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                 SINGAPORE AGRI-FOOD BUSINESS DIRECTORY 2021/2022
 Diversifying
import sources
The source diversification strategy has been serving Singapore well over the years, helping to weather through short term disruptions that have occasionally arisen from supply shortages overseas from time to time. Thanks to diversified sources and a national stockpile of essentials, Singapore imported over 90% of its food needs in 2019 from over 170 countries, assuring the public that it can weather any disruption.
“We have proven resilient to such disruptions, largely thanks to the astute planning of then-AVA (Agri-Food & Veterinary Authority), and the logistics and connectivity of our transport network,” said the then Minister for Environment and Water Resources Mr Masagos Zulkifli when he launched the ‘2020: Singapore Food Story’ on 10 February 2020.
It was highlighted that importers have also done well in continually diversifying their sources, so that when one supply source is hit, they could activate alternatives to make up the shortfall. This included recent episodes where Singaporeans rushed to stock up on essential food and household items, after the disease outbreak response level to COVID-19 was raised on 7 February 2020, and when Malaysia announced a Movement Control Order (MCO) that came into effect on 18 March 2020. Despite the panic buying, the Singapore Government was able to confidently declare food sufficiency for everyone.
To keep diversified food supply lines intact, Singapore partnered with like-minded countries to keep trade links open. In March 2020, amidst the COVID-19 global pandemic, Australia, Brunei Darussalam, Canada, Chile, Lao PDR, Myanmar, New Zealand, Singapore and Uruguay affirmed their commitment to maintain open and connected supply chains.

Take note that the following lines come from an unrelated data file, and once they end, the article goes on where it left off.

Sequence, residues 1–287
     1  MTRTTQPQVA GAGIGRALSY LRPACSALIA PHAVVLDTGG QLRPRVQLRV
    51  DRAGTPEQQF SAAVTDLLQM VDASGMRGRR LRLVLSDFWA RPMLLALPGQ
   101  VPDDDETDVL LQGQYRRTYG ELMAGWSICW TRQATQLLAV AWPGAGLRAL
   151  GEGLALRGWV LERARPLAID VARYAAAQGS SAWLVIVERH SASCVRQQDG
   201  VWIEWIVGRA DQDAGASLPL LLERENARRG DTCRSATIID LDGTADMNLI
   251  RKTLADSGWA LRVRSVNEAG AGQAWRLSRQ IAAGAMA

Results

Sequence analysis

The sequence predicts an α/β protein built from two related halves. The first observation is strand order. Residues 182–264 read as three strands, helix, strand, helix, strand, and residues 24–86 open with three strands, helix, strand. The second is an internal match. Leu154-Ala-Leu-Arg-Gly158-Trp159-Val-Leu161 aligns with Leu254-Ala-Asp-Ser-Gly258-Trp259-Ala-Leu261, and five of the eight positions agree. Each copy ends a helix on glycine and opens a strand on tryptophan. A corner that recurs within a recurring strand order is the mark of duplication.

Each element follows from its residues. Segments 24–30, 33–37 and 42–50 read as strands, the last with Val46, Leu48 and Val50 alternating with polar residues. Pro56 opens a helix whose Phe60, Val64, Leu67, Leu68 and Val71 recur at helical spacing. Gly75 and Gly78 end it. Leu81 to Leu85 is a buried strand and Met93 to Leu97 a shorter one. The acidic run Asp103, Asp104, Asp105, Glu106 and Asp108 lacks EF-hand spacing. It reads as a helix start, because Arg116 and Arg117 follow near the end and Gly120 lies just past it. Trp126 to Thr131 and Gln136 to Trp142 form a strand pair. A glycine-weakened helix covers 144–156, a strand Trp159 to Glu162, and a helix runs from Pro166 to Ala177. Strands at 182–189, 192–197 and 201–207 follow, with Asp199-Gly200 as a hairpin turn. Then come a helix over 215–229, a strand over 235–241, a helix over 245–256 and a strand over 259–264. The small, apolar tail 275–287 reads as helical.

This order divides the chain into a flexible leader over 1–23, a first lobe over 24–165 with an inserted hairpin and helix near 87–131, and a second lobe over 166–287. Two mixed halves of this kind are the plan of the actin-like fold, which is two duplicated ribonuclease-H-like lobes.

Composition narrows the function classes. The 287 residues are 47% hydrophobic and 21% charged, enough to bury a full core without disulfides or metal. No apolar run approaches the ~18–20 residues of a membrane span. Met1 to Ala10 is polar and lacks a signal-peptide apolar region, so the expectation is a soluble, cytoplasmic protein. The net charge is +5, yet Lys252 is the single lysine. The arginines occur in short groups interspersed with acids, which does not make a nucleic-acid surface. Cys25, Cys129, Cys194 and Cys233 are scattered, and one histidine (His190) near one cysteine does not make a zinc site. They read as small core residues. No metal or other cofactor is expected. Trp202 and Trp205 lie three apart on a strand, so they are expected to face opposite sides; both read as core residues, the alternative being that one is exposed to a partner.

Nevertheless, with ongoing climate change, disease outbreaks, human-related disasters, and population growth, Singapore has had to up its game plan to increase local production.
As such, the MSE and SFA have devoted their efforts to the strategy of local production.
Increasing
local production
The strategy of increasing local production kickstarted in 2019 with the ‘30×30’ goal — to produce30%ofSingapore’snutritionalneeds on local soil by 2030.
For such an endeavour that aims to meet the ‘30×30’ goal using less than 1% of local land, agri-food businesses in Singapore need the boost in innovative solutions and production capabilities. To help local farmers ramp up the production of their crops, SFA has introduced funding schemes.
For example, the S$63 million Agriculture Productivity Fund (APF) co-funds farming systems to better control environmental variables and boost production capabilities. The enhanced APF expands its scheme into Basic Capability Upgrading (BCU) Scheme that supports the purchase of equipment that
would help increase a farm’s productivity;
Productivity Enhancement (PE) Scheme
that supports the adoption of automated, advanced and integrated farming systems as well as co-fund test-bedding of technologies; Cash Advancement to help ease cash flow for APF projects with approved funding of S$30,000 and above. As of 30 September 2019, APF has already benefitted 107 farms for produce including vegetables, seafood and eggs.
A S$30 million ‘30x30 Express’ Grant was launched in mid-April 2020 to support the agri-food industry to ramp up local production in eggs, leafy vegetables, and fish in the shortest possible time. In September 2020, SFA increased its original S$30 million budget to close to S$40 million, to support the proposals that had been awarded, as part of efforts to support the growth of local agri-food enterprises and accelerate the ramp up in local food production over the next 6 to 24 months.
Local production is an important strategy in ensuring food supply resilience for Singapore. It complements the strategy of source diversification and ensures a degree of self- sufficiency for key food items such as eggs, fish and leafy vegetables. Locally grown food production will also provide Singapore with a buffer against supply disruptions.
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